The Republic Day Parade ceremony commenced with Prime Minister Narendra Modi visiting the National War Memorial.
Mr Modi led the nation in paying solemn tributes to the fallen heroes by laying a wreath. Thereafter, the Prime Minister and other dignitaries headed to the saluting dais at Rajpath to witness the parade.
As per tradition, the National Flag was unfurled followed by the National Anthem with a booming 21-gun salute.
The parade commenced with President Ram Nath Kovind taking the salute.
The parade commenced at 1000 hrs from Vijay Chowk and ended at the National Stadium, covering a distance of 3.3 km, instead of normal 8.2 km, owing to the COVID-19 protocol.
Owing to the COVID protocols, the size of marching squads participating in the parade was reduced.
This year, only around 25,000 spectators were allowed to witness the parade as compared to the average 1.15 lakh people each year.
Children below the age of 15 years and the elders with co-morbidities were not permitted to witness the parade.
The parade was commanded by Parade Commander, Lieutenant General Vijay Kumar Mishra, Ati Vishisth Seva medal, General Officer Commanding Delhi Area. Major General Alok Kacker, Chief of Staff, Delhi Area was the Parade, Second-in-Command.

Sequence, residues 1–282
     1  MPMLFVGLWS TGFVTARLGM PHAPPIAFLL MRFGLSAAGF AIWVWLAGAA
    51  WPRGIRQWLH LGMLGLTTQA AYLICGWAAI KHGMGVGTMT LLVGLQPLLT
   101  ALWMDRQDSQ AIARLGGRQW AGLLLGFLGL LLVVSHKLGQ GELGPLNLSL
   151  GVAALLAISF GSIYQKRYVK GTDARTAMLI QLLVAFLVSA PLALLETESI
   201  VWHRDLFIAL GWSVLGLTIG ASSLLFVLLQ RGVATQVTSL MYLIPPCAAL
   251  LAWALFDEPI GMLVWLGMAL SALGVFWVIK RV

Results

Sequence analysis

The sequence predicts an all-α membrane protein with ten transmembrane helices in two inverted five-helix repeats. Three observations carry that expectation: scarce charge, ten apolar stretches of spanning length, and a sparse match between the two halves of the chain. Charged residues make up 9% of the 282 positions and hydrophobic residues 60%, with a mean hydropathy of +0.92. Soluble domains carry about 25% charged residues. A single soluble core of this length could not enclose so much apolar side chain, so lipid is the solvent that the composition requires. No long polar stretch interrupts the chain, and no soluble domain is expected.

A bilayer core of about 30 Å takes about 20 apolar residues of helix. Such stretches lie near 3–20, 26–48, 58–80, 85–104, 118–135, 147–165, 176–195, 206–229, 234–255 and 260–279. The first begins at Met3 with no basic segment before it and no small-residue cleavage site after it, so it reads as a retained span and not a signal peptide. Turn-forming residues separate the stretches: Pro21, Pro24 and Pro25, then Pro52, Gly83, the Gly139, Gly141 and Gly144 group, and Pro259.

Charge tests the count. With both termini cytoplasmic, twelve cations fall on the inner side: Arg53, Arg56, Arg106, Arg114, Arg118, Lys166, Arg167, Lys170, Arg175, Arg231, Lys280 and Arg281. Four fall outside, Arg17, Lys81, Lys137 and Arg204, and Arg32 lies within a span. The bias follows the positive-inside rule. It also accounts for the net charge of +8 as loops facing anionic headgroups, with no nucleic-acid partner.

The proud winners of the highest gallantry awards were followed which included the winners of the Param Vir Chakra and the Ashok Chakra. Param Vir Chakra winners Subedar Major Yogendra Singh Yadav, 18 Grenadiers and Subedar Sanjay Kumar, 13 JAK Rifles and Ashok Chakra winner Lieutenant Colonel D Sreeram Kumar followed the Deputy Parade Commander on Jeeps.
The Param Vir Chakra is awarded for the most conspicuous act of bravery and self-sacrifice in the face of the enemy. The Ashok Chakra is awarded for similar acts of valour and self-sacrifice but, other than, in the face of the enemy.
The 122-member proud contingent of the Bangladesh Armed Forces comprising of soldiers of the Bangladesh Army, sailors of the Bangladesh Navy and Air Warriors of the Bangladesh Air Force lead the contingent march on the Rajpath. The Bangladesh contingent carried the legacy of legendary Muktijoddhas of Bangladesh, who fought against oppression and mass atrocities and liberated Bangladesh in 1971.
The first domestic contingent in the uniform of the erstwhile Gwalior Lancers was 61 Cavalry led by Captain Deepanshu Sheoran.
The 61 Cavalry is the only active serving horse cavalry regiment in the world. It was raised on August 1, 1953 with the amalgamation of six state forces’ cavalry units.
The Indian Army was represented by a Mounted Column of 61 Cavalry, seven mechanised columns, six marching contingents and fly-past by Rudra and Dhruv Advanced Light Helicopters of the Army Aviation.
Indigenously-developed Main Battle Tank of the Indian Army, T-90 Bhishma, Infantry Combat Vehicle (ICV) Ballway Machine Pikate (BMP II)-, Brahmos Weapon System, Pinaka Bridge Laying tanks T-72, Samvijay Electronic Warfare System and Schilka Weapon system were the main attraction in the mechanised columns.